• Sea Conditions: Calm sea conditions are a hallmark of the dry season, providing a safer and more enjoyable freediving experience, especially for novices.
  • Water Temperature: The waters remain warm, with temperatures hovering around 26-28°C (79-82°F), which is comfortable for extended freediving sessions.
  • Marine Life: While manta rays are visible all year round in Bali, the clearer waters during the dry season may provide better encounters, along with a diverse array of other marine species.
Photo by resa cahya

Wet Season (November to March):

  • Visibility: During the wet season, visibility can be compromised due to increased rainfall and runoff, which may result in murkier waters.
  • Sea Conditions: The seas tend to be rougher with stronger currents, posing challenges for less experienced freedivers.
  • Water Temperature: Although the water temperature remains relatively warm, occasional drops are possible.
  • Marine Life: The marine life continues to thrive, but the reduced visibility might slightly affect the viewing experience.
Photo by bady abbas

Transition Months (April and November):

  • These transition months offer a mix of conditions, and often fewer crowds, making them an attractive choice for those seeking a balance between good visibility and tranquility.

For most parts off the coast on Bali island itself, the dry season offers better conditions for free diving compared to the wet season, but it’s definitely possible to do freediving all year round.

Expert Tip:
Expert Tip: The Gili Islands have a slightly different climate compared to Bali mainland island, and tend to keep clearer waters, with less rain during the rainy season. So if it’s wet season and you really want to go freediving – consider a trip to Gili T.

Choosing a location:

There are a lot of things to consider when choosing a place to go freediving in Bali. Are you on an adventure trip and interested in the surrounding area alongside the freediving? Are you looking for a convenient place for a weekend getaway so you can easily get back home on Sunday afternoon? Are you traveling and interested in the nightlife to go along with it?

Pemuteran

Pemuteran is a quiet and serene village on the northwestern coast of Bali, known for its relaxed ambiance and beautiful underwater scenery. This location is a haven for those wanting to escape the hustle and bustle and dive into a tranquil marine world. Pemuteran is home to the famous Bio Rock reef conservation project, which aims at restoring coral reefs by using Biorock technology. It’s a great place not only for freediving but also for those interested in eco-tourism and contributing to marine conservation efforts. Additionally, its proximity to Menjangan Island and the West Bali National Park opens up possibilities for more adventurous explorations both underwater and on land.

FeatureDescription
Travel time from KutaApproximately 3.5 to 4 hours by car.
Average freediving prices (IDR)Around 1,200,000 to 2,500,000 IDR for courses and guided freediving sessions.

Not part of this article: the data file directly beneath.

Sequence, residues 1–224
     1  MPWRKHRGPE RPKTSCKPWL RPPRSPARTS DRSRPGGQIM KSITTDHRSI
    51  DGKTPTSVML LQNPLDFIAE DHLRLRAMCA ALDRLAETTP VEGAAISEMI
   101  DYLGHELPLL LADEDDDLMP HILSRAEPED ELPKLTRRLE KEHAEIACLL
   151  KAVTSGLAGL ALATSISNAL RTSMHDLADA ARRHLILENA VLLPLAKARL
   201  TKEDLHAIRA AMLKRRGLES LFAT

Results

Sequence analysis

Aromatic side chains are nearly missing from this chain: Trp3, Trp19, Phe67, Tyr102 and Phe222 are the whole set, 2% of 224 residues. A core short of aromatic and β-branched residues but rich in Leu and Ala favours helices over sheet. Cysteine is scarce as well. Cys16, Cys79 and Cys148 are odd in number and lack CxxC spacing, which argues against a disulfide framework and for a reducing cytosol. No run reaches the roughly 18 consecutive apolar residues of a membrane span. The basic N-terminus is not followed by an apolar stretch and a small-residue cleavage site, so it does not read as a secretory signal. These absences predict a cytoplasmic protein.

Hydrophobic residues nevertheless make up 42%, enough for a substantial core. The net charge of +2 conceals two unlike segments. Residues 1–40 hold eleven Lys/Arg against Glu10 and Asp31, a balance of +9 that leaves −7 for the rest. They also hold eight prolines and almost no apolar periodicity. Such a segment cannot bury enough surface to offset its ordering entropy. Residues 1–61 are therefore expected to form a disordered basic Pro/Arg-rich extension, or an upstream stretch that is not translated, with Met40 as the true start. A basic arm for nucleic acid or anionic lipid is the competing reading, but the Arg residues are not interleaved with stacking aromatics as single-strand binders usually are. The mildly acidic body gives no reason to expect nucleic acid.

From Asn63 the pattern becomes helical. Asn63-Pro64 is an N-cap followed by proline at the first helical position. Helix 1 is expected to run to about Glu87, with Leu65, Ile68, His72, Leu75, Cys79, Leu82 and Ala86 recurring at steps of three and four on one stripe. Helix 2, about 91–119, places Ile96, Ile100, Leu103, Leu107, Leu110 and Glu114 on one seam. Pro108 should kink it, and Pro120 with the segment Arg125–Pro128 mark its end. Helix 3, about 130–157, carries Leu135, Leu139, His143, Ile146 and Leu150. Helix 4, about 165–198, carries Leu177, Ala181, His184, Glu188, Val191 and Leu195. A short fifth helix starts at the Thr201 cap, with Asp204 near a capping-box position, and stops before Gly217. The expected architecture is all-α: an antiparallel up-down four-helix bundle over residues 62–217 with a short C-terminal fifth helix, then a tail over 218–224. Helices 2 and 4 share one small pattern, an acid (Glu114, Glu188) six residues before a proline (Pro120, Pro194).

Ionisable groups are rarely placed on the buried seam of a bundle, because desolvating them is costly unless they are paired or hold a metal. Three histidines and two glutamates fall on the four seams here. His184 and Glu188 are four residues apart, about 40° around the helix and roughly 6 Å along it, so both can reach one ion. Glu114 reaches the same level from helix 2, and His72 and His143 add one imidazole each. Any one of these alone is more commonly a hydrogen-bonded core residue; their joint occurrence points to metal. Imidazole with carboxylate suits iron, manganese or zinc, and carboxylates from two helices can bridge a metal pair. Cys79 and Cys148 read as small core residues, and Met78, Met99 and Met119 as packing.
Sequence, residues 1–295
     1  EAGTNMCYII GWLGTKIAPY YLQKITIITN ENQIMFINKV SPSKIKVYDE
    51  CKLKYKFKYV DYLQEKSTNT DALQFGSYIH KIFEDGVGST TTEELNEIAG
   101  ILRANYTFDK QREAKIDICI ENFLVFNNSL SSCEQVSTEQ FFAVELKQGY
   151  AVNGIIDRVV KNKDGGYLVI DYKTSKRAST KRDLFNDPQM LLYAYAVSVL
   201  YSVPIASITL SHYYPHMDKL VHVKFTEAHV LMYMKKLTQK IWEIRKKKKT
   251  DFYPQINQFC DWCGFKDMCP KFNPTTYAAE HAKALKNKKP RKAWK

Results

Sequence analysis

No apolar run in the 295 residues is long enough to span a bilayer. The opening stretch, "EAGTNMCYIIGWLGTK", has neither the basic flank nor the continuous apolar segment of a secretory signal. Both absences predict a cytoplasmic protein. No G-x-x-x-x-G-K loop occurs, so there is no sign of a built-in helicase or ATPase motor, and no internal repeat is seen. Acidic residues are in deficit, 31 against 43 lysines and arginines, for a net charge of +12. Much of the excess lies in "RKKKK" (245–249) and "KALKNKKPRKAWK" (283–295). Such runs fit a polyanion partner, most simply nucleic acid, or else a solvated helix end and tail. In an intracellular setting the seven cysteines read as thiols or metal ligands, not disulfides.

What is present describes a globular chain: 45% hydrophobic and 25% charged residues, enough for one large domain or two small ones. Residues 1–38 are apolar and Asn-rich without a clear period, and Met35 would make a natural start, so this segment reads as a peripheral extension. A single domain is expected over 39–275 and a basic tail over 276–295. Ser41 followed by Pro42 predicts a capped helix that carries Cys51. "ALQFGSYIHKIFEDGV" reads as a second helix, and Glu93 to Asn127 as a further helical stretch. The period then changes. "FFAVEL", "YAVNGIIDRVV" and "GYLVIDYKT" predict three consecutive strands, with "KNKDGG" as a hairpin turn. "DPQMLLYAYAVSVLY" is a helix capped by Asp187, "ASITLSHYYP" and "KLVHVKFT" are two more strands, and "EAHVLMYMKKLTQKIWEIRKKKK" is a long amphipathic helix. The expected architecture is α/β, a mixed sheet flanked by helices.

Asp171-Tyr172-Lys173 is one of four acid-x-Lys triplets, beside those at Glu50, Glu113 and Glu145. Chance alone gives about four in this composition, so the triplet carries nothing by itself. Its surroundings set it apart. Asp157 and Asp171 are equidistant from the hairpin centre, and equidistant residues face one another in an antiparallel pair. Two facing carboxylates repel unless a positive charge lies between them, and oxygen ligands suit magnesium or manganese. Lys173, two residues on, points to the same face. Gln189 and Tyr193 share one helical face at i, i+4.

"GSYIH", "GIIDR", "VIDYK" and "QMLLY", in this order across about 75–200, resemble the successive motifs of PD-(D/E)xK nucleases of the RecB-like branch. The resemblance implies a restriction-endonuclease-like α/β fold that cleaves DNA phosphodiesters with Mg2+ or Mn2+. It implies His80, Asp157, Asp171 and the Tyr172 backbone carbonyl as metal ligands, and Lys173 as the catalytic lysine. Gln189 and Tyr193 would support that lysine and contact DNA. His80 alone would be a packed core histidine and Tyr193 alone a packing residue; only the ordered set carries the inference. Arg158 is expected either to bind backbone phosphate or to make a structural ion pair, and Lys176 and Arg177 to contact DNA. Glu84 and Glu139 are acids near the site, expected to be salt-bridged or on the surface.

Beginner friendly?Yes
Underwater visibilityGood, often around 15-30 meters, can be better depending on the season.
Water conditionsCalm and warm waters, typically ranging from 26 to 30°C.
Nearby area highlightsBio Rock reef conservation project, serene beaches, close proximity to Menjangan Island.
Recommended operatorOisia Freediving Academy

Menjangan Island

Part of the West Bali National Park, Menjangan Island is a renowned diving spot known for its wall diving, clear waters, and vibrant coral gardens. The island’s underwater walls descend dramatically into the deep, providing a playground for advanced freedivers to explore. The crystal-clear waters around Menjangan Island offer excellent visibility, often up to 30 meters or more, making it a spectacle for underwater photography. With its tranquil surroundings and rich marine life including colorful corals, myriad fish species, and occasional sightings of reef sharks and turtles, Menjangan Island provides a serene escape for those looking to connect with the ocean’s tranquility.

FeatureDescription
Travel time from KutaApproximately 4 to 4.5 hours by car to the mainland, followed by a short boat ride to the island.
Average freediving prices (IDR)Around 1,500,000 to 2,800,000 IDR for courses and guided freediving sessions.
Beginner friendly?Moderate; wall dives may be more suited for advanced divers.
Underwater visibilityExcellent, sometimes up to 50 meters.
Water conditionsCalm and clear waters, typically ranging from 26 to 30°C.
Nearby area highlightsWest Bali National Park, wall diving sites, pristine and protected marine environments.
Recommended operatorOisia Freediving Academy

Note: While Menjangan Island itself might not have direct freediving operators, nearby Pemuteran has facilities which often organize trips to Menjangan for diving experiences. It’s always advisable to check with local operators for the most current information regarding availability, prices, and conditions.

Nusa Penida